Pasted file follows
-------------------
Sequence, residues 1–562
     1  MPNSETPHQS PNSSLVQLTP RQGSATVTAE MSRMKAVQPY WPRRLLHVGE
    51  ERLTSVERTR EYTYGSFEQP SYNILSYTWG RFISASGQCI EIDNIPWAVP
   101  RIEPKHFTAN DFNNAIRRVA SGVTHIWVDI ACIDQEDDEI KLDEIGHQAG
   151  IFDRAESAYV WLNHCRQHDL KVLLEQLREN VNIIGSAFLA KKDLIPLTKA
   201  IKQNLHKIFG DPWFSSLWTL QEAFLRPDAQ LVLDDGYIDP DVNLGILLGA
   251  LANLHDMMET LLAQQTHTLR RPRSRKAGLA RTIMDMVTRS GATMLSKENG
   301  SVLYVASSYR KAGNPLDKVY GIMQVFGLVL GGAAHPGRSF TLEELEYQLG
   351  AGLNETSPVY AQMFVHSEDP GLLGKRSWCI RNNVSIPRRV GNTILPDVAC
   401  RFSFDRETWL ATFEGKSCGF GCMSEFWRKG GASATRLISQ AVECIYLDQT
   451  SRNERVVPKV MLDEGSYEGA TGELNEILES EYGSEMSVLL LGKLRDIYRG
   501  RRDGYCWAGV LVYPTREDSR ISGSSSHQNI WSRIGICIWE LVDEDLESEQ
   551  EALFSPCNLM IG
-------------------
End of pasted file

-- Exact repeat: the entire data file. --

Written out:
Sequence, residues 1–562
     1  MPNSETPHQS PNSSLVQLTP RQGSATVTAE MSRMKAVQPY WPRRLLHVGE
    51  ERLTSVERTR EYTYGSFEQP SYNILSYTWG RFISASGQCI EIDNIPWAVP
   101  RIEPKHFTAN DFNNAIRRVA SGVTHIWVDI ACIDQEDDEI KLDEIGHQAG
   151  IFDRAESAYV WLNHCRQHDL KVLLEQLREN VNIIGSAFLA KKDLIPLTKA
   201  IKQNLHKIFG DPWFSSLWTL QEAFLRPDAQ LVLDDGYIDP DVNLGILLGA
   251  LANLHDMMET LLAQQTHTLR RPRSRKAGLA RTIMDMVTRS GATMLSKENG
   301  SVLYVASSYR KAGNPLDKVY GIMQVFGLVL GGAAHPGRSF TLEELEYQLG
   351  AGLNETSPVY AQMFVHSEDP GLLGKRSWCI RNNVSIPRRV GNTILPDVAC
   401  RFSFDRETWL ATFEGKSCGF GCMSEFWRKG GASATRLISQ AVECIYLDQT
   451  SRNERVVPKV MLDEGSYEGA TGELNEILES EYGSEMSVLL LGKLRDIYRG
   501  RRDGYCWAGV LVYPTREDSR ISGSSSHQNI WSRIGICIWE LVDEDLESEQ
   551  EALFSPCNLM IG